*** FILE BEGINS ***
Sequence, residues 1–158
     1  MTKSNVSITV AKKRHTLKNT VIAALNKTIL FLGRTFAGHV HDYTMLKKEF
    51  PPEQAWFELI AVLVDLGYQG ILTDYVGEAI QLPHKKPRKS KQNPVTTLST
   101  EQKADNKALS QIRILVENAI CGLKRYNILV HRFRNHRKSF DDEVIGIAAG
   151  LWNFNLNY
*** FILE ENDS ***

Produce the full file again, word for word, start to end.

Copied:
Sequence, residues 1–158
     1  MTKSNVSITV AKKRHTLKNT VIAALNKTIL FLGRTFAGHV HDYTMLKKEF
    51  PPEQAWFELI AVLVDLGYQG ILTDYVGEAI QLPHKKPRKS KQNPVTTLST
   101  EQKADNKALS QIRILVENAI CGLKRYNILV HRFRNHRKSF DDEVIGIAAG
   151  LWNFNLNY